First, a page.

illuvial horizon

illuvial horizon

[i′lü·vē·əl hə′rīz·ən]
(geology)
References in periodicals archive ?
To distinguish erosion classes, the illuvial horizon B was separated in three parts (Bt1, Bt2, and BC) that were easily recognized in the field by the identification of the B subhorizon located below the plowed layer.
The changes are related with excavation of the illuvial horizon B due to erosion and its gradual contribution to the plowed layer.
The sequence of soil horizons in the first soil profile (lysimeter 1) was as follows: (i) a top layer (litter) ~13 cm thick (horizon A); (ii) a 37-cm-thick illuvial horizon with anthropogenie disturbances, consisting of two sub-horizons, a light layer on top of a black organic-rich one (horizon B1 and horizon B0, respectively); and (iii) the parent material with two sub-horizons, a white-coloured on top of a green-coloured sub-horizon starting at a depth of 88 cm (horizon Cw and horizon Cg, respectively).
Our soil displays optimised [K.sub.s] values that vary strongly between the layers, with the lowest value (155 cm [day.sup.-1]) for the third layer, which corresponds to the bottom sub-layer of the illuvial horizon (black organic-rich layer).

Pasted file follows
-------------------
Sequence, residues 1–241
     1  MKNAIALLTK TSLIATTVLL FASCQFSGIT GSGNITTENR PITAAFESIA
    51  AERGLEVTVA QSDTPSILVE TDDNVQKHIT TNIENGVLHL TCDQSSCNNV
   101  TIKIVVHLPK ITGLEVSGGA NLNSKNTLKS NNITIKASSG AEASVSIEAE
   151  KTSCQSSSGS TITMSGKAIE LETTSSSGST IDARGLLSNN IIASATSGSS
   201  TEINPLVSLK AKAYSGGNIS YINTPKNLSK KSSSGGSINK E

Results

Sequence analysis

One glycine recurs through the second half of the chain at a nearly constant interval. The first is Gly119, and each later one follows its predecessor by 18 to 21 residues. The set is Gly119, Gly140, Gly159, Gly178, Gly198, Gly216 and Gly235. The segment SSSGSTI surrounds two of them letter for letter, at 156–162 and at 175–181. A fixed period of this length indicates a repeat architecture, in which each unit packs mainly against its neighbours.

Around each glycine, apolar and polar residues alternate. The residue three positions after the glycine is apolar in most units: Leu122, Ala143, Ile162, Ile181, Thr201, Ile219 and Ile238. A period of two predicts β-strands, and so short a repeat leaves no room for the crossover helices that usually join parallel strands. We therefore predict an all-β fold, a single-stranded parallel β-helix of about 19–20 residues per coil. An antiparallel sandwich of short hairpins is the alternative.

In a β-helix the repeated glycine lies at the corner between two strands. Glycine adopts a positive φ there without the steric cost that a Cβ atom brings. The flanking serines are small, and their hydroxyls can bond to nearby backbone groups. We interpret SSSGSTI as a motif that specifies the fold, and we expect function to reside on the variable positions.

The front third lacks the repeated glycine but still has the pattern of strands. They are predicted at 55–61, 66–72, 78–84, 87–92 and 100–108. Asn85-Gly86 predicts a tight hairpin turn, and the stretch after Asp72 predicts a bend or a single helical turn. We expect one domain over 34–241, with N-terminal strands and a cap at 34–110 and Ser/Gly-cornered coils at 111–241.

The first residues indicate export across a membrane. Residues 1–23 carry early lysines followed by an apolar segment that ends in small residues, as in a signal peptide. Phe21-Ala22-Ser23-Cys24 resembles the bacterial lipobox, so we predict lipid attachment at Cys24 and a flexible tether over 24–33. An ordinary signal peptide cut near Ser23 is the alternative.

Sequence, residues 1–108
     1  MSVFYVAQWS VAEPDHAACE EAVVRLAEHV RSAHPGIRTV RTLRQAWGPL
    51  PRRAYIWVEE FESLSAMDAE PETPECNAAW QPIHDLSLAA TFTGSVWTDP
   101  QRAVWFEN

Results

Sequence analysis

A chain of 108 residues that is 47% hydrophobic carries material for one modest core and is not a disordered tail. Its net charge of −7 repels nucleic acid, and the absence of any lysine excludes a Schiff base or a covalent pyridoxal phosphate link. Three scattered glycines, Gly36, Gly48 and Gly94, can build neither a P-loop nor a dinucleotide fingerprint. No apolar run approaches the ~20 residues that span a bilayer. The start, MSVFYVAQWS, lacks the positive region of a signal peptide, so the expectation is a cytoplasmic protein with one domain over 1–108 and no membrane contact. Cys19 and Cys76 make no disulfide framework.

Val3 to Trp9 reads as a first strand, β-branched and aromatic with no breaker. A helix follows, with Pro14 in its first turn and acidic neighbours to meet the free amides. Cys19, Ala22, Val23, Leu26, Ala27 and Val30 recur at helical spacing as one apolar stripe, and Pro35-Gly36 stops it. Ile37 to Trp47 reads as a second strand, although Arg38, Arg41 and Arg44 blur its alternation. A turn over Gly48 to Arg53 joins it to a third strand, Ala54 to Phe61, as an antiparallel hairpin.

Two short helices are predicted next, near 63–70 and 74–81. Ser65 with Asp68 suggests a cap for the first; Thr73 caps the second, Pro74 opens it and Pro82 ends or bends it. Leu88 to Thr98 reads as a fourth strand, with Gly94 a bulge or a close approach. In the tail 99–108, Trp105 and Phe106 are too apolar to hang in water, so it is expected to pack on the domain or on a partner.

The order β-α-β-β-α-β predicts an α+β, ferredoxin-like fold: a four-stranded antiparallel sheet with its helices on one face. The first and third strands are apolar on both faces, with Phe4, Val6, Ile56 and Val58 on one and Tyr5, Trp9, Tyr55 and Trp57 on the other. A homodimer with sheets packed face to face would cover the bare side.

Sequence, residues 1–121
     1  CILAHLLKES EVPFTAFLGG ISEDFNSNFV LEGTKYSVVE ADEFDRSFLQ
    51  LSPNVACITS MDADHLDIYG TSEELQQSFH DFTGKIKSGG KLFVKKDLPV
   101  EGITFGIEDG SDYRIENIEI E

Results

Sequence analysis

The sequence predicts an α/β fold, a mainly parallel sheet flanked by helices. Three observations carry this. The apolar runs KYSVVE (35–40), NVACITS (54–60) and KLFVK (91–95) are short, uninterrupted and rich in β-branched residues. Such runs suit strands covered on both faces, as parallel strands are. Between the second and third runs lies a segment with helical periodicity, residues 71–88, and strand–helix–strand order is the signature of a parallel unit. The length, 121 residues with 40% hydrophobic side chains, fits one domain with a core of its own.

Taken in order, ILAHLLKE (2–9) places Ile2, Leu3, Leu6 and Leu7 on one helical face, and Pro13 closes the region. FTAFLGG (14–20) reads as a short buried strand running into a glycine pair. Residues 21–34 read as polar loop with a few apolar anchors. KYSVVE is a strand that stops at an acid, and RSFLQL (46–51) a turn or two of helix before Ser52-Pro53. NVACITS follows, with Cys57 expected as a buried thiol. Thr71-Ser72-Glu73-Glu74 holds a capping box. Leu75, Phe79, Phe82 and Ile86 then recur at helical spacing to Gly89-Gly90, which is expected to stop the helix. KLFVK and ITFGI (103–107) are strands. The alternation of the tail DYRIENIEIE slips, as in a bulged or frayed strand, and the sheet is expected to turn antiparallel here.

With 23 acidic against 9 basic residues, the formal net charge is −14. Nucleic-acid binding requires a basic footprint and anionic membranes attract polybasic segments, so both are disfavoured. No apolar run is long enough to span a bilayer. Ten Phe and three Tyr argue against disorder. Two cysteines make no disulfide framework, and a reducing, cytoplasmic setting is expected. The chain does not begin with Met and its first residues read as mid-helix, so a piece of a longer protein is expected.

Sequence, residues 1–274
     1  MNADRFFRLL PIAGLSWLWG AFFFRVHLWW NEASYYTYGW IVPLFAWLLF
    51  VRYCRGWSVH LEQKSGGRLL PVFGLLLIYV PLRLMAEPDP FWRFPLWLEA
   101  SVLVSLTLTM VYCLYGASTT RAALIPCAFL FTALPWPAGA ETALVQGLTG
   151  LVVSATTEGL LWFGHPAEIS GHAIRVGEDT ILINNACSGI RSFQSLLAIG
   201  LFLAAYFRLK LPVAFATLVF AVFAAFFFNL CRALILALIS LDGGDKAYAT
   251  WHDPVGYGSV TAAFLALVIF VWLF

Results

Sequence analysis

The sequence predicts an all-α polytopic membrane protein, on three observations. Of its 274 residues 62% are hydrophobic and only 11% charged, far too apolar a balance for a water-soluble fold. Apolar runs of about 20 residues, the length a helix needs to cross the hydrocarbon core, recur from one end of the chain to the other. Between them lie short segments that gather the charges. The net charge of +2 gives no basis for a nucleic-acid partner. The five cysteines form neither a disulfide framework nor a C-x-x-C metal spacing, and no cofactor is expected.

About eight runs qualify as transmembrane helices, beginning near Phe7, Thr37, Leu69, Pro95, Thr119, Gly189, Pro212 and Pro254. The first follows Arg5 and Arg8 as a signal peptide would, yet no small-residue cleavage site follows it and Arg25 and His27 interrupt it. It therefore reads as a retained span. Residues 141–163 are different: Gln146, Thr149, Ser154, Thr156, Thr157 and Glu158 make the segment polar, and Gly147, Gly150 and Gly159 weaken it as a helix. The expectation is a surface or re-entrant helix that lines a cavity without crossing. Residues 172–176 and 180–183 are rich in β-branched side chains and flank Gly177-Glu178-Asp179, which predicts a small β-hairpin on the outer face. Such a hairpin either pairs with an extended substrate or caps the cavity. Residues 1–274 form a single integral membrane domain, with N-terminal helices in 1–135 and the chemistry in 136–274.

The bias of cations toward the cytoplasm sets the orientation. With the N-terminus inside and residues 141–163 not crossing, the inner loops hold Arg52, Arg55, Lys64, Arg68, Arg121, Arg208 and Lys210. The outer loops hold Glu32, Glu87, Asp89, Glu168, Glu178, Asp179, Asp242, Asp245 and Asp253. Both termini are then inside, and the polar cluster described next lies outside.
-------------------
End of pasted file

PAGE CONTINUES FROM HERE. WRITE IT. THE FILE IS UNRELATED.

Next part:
So far the minimum of Pb and Cu concentrations under the illuvial horizon B has not been quite clear.
Thus, the total carbon content in topsoil horizons up to a depth of 3-40 cm exceeds its respective concentration by 2.9-3.3 times in the 2nd transelluvial meadow landscape position and by 18.2 times in the illuvial horizon B.
An argillic horizon is an illuvial horizon that is at least 10 percent as thick as the overlying A horizon and contains 3 to 8 percent more clay.
The interval from 66-112 cm is also now part of the BC horizon of the surface soil and an illuvial horizon (B'X) of the fragipan.
Between these two horizons, an illuvial horizon is formed, called albic, generally shallow and highly lixiviated or leached (see also vol.
A diagnostic subsurface horizon, the agric horizon, is an illuvial horizon that has formed under cultivation (essentially a plough pan).